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Diana's Driver Had Alcohol-Drug Mix

By Anne Swardson
Washington Post Foreign Service
Thursday, September 11, 1997; Page A17

PARIS, Sept. 10—Henri Paul's bloodstream contained a deadly mix of alcohol and drugs when the Mercedes he was driving slammed into a pillar in a highway tunnel here early on Aug. 31, killing Princess Diana, Dodi Fayed and Paul, the Paris prosecutor's office said today.

One drug was the antidepressant Prozac. The other, tiapride, is most commonly prescribed for recovering alcoholics, French medical experts said. The combination of the two with alcohol would enhance a feeling of euphoria while reducing physical reaction time and impairing vision, these experts said.

The office of the Paris prosecutor, in its second formal communication since the fatal crash more than a week ago, said a third blood analysis on Paul, assistant security director for the Ritz Hotel here, had determined his blood-alcohol level to be 1.8 grams per liter, far more than the legal limit for driving in France. That was consistent with two earlier tests conducted by authorities; Paul's family had requested the additional analysis.

The prosecutor's office said Paul's system contained a "therapeutic" dose of fluoxetine, the active ingredient in Prozac, and traces of tiapride, a drug prescribed to relieve some of the psychological distress associated with giving up alcohol or to prevent some of the acute effects of alcohol withdrawal. Tiapride should never be taken in combination with alcohol, doctors said.

Someone under the influence of those two drugs and about nine alcoholic beverages -- a rough measure of what Paul must have drunk -- would be bursting with euphoria and a feeling of invulnerability, experts said. At the same time, his reflexes and reaction time would be markedly slowed. And his vision would be impaired, particularly at night and while driving at high speeds, because the eye's pupil accommodates changes in the field of vision more slowly.

"You could not do worse," said Rene Salinger, a Paris neuropsychiatrist. "There is no worse combination."

Last week, Mohamed Fayed, Dodi Fayed's father and the owner of the Ritz, released hotel security tapes that showed Paul entering the hotel after he was called back to work Saturday evening and walking down a hallway. In the brief moments he appears on tape, he is not visibly impaired.

However, Fayed's Paris lawyer, Bernard Dartevelle, said Paul "should never have gotten behind the wheel." In an interview with France 3 television aired this evening, Dartevelle appeared to abandon Mohamed Fayed's strategy of defending Paul. "He was without doubt the only one who knew his own condition," Dartevelle said. "If his condition had been known, perhaps . . . he could have been prevented from leaving."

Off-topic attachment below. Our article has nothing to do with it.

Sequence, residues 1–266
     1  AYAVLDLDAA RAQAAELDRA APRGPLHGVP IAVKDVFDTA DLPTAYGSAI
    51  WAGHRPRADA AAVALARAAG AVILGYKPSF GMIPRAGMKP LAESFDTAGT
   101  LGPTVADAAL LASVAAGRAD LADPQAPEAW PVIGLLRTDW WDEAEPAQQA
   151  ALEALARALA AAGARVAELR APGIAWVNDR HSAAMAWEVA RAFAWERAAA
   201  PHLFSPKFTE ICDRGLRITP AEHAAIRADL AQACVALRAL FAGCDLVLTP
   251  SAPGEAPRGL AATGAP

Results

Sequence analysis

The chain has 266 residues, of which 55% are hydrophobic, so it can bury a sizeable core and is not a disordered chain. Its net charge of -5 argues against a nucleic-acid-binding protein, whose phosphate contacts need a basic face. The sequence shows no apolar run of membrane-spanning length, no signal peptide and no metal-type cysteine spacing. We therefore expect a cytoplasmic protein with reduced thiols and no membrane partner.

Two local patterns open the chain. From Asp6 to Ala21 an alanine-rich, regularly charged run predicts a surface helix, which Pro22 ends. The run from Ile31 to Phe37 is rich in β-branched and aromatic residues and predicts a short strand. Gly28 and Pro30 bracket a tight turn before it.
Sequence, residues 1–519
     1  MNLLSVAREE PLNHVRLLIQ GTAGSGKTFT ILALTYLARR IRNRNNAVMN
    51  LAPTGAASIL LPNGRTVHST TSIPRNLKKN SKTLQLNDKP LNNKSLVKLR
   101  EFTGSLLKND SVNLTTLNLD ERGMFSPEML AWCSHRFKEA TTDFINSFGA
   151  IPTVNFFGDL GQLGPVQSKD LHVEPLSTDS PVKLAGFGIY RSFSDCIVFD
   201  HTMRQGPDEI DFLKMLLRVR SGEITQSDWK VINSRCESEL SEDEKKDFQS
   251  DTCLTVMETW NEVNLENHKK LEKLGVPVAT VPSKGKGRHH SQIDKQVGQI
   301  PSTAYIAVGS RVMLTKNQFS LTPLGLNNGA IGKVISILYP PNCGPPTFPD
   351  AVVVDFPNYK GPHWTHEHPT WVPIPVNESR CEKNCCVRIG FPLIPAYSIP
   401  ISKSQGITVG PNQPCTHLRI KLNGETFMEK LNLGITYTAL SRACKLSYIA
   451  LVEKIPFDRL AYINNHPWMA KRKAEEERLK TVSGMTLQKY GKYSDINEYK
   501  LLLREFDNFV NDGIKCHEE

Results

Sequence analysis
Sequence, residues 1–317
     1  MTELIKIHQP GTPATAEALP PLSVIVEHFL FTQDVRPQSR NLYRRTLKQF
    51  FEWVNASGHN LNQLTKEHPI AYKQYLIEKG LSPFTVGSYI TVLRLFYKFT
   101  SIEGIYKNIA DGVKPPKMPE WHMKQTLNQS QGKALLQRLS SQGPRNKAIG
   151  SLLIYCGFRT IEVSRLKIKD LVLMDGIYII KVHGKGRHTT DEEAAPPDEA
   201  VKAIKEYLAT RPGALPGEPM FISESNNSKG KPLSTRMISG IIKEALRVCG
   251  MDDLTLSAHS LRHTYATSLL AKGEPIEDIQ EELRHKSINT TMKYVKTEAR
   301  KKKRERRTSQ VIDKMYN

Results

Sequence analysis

The Ritz declined comment today on the results of the latest blood-alcohol test, saying it will have nothing to say until the investigation is complete.

Also today, a newspaper report said that Diana's last words, spoken to an emergency doctor as paparazzi surrounding the wrecked car snapped pictures and flashed strobe lights, were: "Leave me alone." The newspaper Le Parisien quoted the unidentified physician as saying Diana's body was halfway out of the car but her arms were resting on the back of the seat in front of her.

"She was very agitated, half knocked-out but conscious," the doctor told the newspaper. "All around her, there were photographers machine-gunning her" with camera shots. "They were just a few centimeters from her face." Diana groaned, struggled a bit and murmured, "Oh my God," Le Parisien said, and then, "Leave me alone, leave me alone."

The newspaper also said that Fayed, her companion, had been thrown about 20 yards from the car. Efforts to revive him on the scene were unsuccessful. Diana died in a Paris hospital 3 1/2 hours after the crash.

Ralph Hingson, chairman of the social and behavioral sciences department of Boston University's School of Public Health, said the range of alcohol consumption needed to reach the 1.8 grams per liter in Paul's blood would be eight to nine drinks on an empty stomach, more if he had eaten.

"A person with that level of blood alcohol is typically found in fatally injured drivers in auto-related crashes," Hingson said. "A person at that level has no business being behind the wheel."

The newspaper Liberation reported today that Paul spent much of the two hours between his return to work Saturday about 10 p.m. and his fatal trip drinking in one of the Ritz's bars with two Fayed bodyguards. "I saw him drink two Ricards [aperitifs]," an unidentified employee was quoted as saying. "Then they all got up together. Mr. Paul knocked against a waiter; then he left, staggering." The newspaper also quoted other anonymous Ritz employees, however, as saying Paul had quit drinking some time ago and behaved normally that evening.

The blood-alcohol tests have been criticized by experts hired by Mohamed Fayed as not being extensive enough. Today, the prosecutor's office took pains to explain in the statement that the third test had been carried out on both a blood sample and on eye tissue, which is considered more reliable. The statement was issued "to prevent all inexact commentary or interpretation," the prosecutor said.

Two magistrates are investigating the crash, for which nine photographers and one motorcycle driver face possible charges of "involuntary homicide" and failing to aid the victims.

The patient instructions for Prozac here say: "This drug can modify attention and reaction capabilities. This should be kept in mind when driving vehicles and using machinery." The instructions for Tiapridal, a brand-name drug containing tiapride, say simply: "Abstain from alcoholic beverages during the course of treatment."

© Copyright 1997 The Washington Post Company

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